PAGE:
A huge number of the KEVII 2d Tyrian Plums were initially printed - 100,000 sheets, totalling 24,000,000 stamps emerged from the presses - but today very few remain. One is known on cover to KGV.

Almost all were destroyed without being issued, when Edward VII died. Only 12 are now believed to exist - three of which are in The Royal Philatelic Collection of Her Majesty, Queen Elizabeth II.

The example offered in the Spink “Chartwell” Collection was a lower right corner example.  With part original gum, it shows a colour dot in right margin.

There were a couple of defects in this copy – a sizeable tear in the bottom margin, and a small mark on Edward's cheek near his earlobe, but it is one of the finest examples of this exceptionally rare stamp.


Buy the scarce ones NOW!


Many of us saw such rises happen 30 years back with each new SG Catalogue appearing, and I get a strong feeling of Déjà Vu. 

Mark my words - you will see this same pattern occur for several years to come in SG catalogues for early GB.

The lesson?  Buy the stamps you need NOW in this better grade of material.  The common $5 type items will likely still be $5 in 5 years’ time. Maybe less.

The $500 item might however become $1,000, and the $5,000 stamp might be $15,000.  Or more. 

And the same money in the bank will likely to have gone up only 15% or so in 5 years.

And if left in the stock-market, or traditional superannuation funds, it may well have DECREASED, as we can all see from some recent annual returns!

As an example of how easy the pricier material is to sell, I have set up a “Rarity” page offering choice single items and covers priced mainly over $1,000.

Shameless plug, but many items sell in a day or so of listing them – - and other dealers report the same experience with top shelf material.


Attractive non postal cancel?


The iconic £5 Orange Queen Victoria from 1882 increases of course in the “Concise”- up to £15,000 used. 

Being a huge stamp, finding top quality examples without faults has always been hard.

Did you realise that no POSTALLY used examples of this are believed to exist?

As chance has it, I had a UK auction house owner visit me here, who has a 16 frame exhibit of the 1882 GB £5 Orange he showed me.

He has one of the best showings of these stamps on earth. This is not a novice we are talking of here!


NO postal used £5 Oranges?


That UK dealer believes near all, if not all, the existing "used" £5 GB Oranges were NOT postally used.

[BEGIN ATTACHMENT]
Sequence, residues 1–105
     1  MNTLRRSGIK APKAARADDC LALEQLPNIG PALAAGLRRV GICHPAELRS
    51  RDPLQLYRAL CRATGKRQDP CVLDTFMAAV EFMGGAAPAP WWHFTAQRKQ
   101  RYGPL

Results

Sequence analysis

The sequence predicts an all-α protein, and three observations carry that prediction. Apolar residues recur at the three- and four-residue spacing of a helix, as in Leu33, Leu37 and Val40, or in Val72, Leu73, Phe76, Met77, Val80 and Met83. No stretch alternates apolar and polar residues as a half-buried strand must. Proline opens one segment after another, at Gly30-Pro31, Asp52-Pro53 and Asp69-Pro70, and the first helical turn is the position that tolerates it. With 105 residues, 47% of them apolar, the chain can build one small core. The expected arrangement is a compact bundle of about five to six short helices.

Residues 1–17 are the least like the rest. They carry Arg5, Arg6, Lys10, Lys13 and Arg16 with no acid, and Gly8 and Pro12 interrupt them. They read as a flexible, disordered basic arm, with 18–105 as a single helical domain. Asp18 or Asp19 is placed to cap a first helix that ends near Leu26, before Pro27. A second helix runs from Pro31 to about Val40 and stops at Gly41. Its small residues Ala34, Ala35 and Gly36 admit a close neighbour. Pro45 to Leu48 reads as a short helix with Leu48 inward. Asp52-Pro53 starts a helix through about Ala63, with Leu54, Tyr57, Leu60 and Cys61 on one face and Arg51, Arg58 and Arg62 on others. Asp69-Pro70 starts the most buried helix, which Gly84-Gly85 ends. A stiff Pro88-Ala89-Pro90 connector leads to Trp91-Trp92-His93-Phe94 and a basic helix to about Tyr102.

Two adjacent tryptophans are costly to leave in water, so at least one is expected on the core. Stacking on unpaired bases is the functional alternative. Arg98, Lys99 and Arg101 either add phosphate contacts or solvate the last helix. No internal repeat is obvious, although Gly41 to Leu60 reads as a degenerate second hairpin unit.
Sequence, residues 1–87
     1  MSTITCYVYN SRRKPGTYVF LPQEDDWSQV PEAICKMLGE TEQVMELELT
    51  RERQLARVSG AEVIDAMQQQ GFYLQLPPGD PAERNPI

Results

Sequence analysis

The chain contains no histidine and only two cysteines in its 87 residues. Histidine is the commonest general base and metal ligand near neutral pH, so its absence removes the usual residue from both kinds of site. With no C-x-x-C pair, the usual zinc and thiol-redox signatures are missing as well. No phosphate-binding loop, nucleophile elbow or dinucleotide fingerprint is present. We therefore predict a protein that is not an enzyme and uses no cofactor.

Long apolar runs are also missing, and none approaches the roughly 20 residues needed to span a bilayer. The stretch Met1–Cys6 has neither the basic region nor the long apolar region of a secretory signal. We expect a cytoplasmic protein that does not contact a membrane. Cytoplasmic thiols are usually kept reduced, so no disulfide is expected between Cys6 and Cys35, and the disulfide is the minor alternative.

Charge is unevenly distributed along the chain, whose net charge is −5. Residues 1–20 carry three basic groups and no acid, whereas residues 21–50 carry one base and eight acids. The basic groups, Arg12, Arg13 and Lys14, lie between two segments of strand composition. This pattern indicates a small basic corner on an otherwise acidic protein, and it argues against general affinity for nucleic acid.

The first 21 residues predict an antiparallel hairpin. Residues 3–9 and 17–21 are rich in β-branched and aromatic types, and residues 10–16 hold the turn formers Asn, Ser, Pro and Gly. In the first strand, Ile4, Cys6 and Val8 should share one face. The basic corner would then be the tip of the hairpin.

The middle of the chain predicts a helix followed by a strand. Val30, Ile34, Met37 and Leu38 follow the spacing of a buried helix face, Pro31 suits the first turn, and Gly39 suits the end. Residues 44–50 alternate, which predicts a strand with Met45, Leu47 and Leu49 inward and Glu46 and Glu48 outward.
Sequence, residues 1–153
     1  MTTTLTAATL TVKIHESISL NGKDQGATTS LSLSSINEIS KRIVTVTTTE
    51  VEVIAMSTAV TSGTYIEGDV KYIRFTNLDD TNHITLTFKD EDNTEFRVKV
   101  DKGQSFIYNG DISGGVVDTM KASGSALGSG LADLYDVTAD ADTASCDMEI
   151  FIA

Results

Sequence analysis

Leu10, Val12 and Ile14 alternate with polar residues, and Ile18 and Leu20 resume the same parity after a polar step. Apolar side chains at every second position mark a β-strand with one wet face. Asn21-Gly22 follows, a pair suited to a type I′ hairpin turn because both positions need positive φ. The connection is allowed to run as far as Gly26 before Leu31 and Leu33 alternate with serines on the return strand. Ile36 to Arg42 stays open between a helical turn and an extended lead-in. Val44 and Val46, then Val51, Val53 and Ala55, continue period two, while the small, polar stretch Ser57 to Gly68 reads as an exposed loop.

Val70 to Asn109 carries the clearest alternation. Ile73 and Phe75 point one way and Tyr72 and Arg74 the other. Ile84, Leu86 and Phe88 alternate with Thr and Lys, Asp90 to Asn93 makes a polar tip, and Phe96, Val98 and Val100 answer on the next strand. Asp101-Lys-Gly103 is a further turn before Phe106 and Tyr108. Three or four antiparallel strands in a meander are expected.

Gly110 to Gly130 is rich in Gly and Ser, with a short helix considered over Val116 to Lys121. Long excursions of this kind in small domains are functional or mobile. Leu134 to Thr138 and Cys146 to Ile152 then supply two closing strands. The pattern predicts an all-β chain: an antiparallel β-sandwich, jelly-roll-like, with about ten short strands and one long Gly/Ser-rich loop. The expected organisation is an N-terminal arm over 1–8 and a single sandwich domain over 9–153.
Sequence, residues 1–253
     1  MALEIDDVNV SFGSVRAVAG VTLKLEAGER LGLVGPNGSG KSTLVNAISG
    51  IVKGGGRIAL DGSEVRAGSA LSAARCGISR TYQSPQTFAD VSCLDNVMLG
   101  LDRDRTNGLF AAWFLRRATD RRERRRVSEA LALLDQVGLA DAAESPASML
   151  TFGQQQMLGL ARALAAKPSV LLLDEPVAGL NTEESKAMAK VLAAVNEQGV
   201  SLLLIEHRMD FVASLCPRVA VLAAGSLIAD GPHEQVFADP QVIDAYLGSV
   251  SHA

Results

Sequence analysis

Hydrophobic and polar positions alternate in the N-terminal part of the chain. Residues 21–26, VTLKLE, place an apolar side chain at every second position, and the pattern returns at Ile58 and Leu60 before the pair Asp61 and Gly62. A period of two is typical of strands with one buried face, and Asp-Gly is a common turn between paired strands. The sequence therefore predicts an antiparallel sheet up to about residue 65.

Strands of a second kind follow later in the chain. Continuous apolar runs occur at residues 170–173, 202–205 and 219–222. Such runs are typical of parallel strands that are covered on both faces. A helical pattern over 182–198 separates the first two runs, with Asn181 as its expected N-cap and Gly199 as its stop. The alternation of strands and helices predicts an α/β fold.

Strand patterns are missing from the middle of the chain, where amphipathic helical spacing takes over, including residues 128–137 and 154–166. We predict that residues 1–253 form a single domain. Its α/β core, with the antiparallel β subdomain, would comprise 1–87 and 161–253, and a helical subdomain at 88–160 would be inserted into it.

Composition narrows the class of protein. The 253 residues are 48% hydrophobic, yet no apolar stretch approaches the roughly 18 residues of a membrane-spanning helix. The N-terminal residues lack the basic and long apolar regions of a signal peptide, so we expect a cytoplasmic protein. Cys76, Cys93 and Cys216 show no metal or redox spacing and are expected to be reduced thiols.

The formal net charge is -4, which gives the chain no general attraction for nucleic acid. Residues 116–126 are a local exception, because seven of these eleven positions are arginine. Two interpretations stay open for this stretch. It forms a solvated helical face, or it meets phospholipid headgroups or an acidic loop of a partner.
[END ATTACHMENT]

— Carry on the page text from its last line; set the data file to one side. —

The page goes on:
Even the "Registered Threadneedle Street" cancel one he has in his collection, that is illustrated on stampboards.

Which he believes was used for TELEGRAM bulk lodgements there, despite the "Registered" cancel.

He has never seen a £5 he is convinced has done genuine postal service of any kind. Or seen a parcel label or parcel piece even.

The dealer advised me that about 15% of them he has seen, have Edinburgh, Glasgow or Belfast neat cds cancels.

These were used for the collection and payment of excise duty (nearly all whisky) paid by the many distilleries in those places.


All 3 fiscally used it seems!


As was the used strip of 3 all used with neat “Edinburgh” cancels. Illustrated nearby from his collection – excuse the fuzzy scan.

Don’t get me wrong – I’d love to have it in stock, but never knew such pretty things were fiscal used only. contains many more images, and much discussion on this interesting topic!


What is a 1d red Roo worth?


The short answer is, a dollar or so in most dealer stockbooks on earth.  The 1d Kangaroo is a very common stamp, and well over a BILLION were used.


Would YOU pay $90 for this?


The example shown nearby has no special die or watermark or plate varieties - it is catalogued in Stanley Gibbons at just £1 used.

Not always so. The example shown nearby sold for $A90 on ebay in mid-April, and 2 very experienced collectors were bidder and underbidder.

Both are active stampboards members, and the funny thing is if a dealer offered it for $80 nett, neither would have bought it I suspect!  Ebay fever.

Seller “1915cazna” is one of a few ebay stamp sellers who does not get immersed in the absurd BS and hyperbole many use, and oddly his results are better.

Lesson learned for some ebay sellers.  Less is often more. The lot number was 270949528778 and there were 11 bids.

The interest in CTO Australia stamps has been heavily driven by the interest on a long discussion of near 2,000 messages on the topic on


A “Must Read” discussion is the web link to that, and much has been uncovered and reported much there that was not previously recorded in print.

The Journal of the ACCC has recently had 2 articles from Geoff Kellow that adds to the interest in this field not otherwise studied much by collectors. 

Arthur Gray was kind enough to bring over his CTO Kangaroos recently, and I scanned and posted up all pages of his collection.  Much unique material is among it.


A $5,000 type pair


Shown nearby is a 5/- Kangaroo 1915 "Second Watermark" (SG 30) pair from Arthur's collection.

Until sighting these I had never believed this watermark received the special "CTO" cancels - they clearly did. 

The ACSC note on these is a little outdated now that this pair is recorded.

Value probably $5,000 if it were offered for sale.  As I recall this pair had gum. (Beware of fake cancels, on no gum copies.)

Scans of Arthur’s other amazing and often unique CTO stamps and Roo specimens are also shown on

Make a VERY large cup of coffee to read all the 2000 messages, and accompanying photos!

The “AP 15 – 13” crisp cancels are developing quite a cult following.  Very much scarcer than the “DE 3 – 13” cancels shown on the 1d Roo above.

More on them, and more great photos in a future column.


Off-centre stamp sells for £550,000 - to Sydney


A single example of the elusive 1858 GB “Plate 77 Penny Red” has just been sold by Stanley Gibbons in London.

The company has announced its sale to “a private client in Australasia” for £550,000. 

SG were not prepared to give me a specific country of residence when I asked.

I have it on very good advice that the buyer was Sir Ron Brierley, well known business figure in Sydney, and a recent owner of Stanley Gibbons Auctions in Australia.

It was sold just two months after SG acquired it.

The stamp was described as “the finest used example in existence, inside or outside a museum” by the Stanley Gibbons Director of Great Britain Philately.

Wide General Media cover


The acquisition of the stamp attracted much media attention in the UK, being featured on the BBC website etc.